AIDS and the General Practitioner: Views of Patients With HIV Infection and AIDS
King, Michael B.
BMJ (British Medical Journal). 1988 Jul 16; 297(6642): 182-184.
An unselected series of outpatients infected with the human immunodeficiency virus (HIV) who attended two London hospitals were interviewed to assess their relationship with their general practitioner. Although most of the 192 patients were registered with a general practitioner, the doctors of only one half knew of the diagnosis. Patients feared a negative reaction from their general practitioner or were concerned about confidentiality. Although those who had told their doctor had received favourable reactions, few general practitioners attempted to counsel or educate their patients. The patients who previously had been open about their homosexuality were not more likely to have told their general practitioner of their HIV infection. Although most did not think that general practitioners were well informed about AIDS, half of the patients wished that general practitioners could take a bigger part in their care.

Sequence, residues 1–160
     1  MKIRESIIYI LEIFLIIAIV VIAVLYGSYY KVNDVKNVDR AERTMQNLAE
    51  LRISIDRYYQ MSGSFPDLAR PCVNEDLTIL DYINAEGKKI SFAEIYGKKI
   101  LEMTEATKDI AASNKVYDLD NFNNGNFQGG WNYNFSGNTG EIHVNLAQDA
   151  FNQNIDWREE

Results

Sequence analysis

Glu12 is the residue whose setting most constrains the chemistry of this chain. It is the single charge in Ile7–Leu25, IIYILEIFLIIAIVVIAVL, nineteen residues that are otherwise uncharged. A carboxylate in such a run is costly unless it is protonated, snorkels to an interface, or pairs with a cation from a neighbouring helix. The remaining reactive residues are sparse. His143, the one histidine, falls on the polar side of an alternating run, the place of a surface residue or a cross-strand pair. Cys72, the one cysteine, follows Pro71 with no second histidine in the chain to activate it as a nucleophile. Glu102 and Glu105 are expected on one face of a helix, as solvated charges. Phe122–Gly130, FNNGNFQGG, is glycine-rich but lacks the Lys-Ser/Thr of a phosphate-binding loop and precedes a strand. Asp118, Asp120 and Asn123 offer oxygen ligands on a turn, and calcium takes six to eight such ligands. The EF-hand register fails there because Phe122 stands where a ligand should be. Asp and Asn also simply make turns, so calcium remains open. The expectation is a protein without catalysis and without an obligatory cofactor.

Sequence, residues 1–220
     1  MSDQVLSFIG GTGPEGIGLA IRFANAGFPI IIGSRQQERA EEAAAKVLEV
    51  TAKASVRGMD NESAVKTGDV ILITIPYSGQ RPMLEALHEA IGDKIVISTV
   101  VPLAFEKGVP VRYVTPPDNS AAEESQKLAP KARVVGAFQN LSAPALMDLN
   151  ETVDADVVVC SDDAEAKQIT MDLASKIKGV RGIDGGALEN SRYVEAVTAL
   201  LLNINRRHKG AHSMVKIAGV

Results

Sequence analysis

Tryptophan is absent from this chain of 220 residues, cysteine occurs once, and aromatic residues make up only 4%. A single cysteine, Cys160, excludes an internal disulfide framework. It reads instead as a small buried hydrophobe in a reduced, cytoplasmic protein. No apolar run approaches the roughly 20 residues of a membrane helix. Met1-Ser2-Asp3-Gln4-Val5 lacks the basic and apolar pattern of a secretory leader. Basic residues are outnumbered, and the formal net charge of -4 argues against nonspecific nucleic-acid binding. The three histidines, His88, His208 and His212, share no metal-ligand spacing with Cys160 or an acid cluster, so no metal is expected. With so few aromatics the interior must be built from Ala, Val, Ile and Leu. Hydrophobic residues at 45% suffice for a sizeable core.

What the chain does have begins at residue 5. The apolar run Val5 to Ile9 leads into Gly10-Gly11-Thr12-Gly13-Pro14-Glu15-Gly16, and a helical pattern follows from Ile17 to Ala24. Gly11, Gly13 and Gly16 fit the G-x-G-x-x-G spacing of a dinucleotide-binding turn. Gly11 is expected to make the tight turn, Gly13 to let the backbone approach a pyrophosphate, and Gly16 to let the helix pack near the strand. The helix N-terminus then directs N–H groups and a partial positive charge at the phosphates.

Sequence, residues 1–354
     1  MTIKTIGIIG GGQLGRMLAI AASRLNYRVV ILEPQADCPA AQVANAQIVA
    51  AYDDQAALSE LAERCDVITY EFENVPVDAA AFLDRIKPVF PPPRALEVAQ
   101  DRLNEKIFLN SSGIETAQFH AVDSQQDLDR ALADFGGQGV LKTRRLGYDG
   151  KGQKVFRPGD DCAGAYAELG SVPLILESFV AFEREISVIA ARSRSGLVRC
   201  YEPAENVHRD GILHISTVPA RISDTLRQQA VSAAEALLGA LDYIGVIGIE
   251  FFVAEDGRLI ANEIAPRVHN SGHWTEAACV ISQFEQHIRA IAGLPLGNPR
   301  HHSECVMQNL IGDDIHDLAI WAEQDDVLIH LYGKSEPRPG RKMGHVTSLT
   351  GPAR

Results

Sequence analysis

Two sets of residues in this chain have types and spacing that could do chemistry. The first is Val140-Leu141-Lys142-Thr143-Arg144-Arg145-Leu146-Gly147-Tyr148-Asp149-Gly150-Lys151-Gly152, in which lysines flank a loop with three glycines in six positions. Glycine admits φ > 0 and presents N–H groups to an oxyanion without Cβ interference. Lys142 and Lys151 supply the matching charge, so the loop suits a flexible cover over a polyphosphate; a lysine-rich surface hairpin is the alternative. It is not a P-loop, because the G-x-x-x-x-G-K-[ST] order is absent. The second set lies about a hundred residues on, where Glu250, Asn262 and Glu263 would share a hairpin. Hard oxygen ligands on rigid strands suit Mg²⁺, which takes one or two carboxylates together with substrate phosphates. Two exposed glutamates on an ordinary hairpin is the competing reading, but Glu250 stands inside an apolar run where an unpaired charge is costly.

Aids; Attitudes; Communication; Confidentiality; Diagnosis; Disclosure; Drug Abuse; Duty to Warn; Doctors; Health; Health Personnel; HIV Seropositivity; Homosexuals; Hospitals; Medical Records; Motivation; Patient Care; Patients; Physicians; Professional Patient Relationship; Psychological Stress; Records; Stigmatization; Survey;
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King, Michael B. (1988-07-16)
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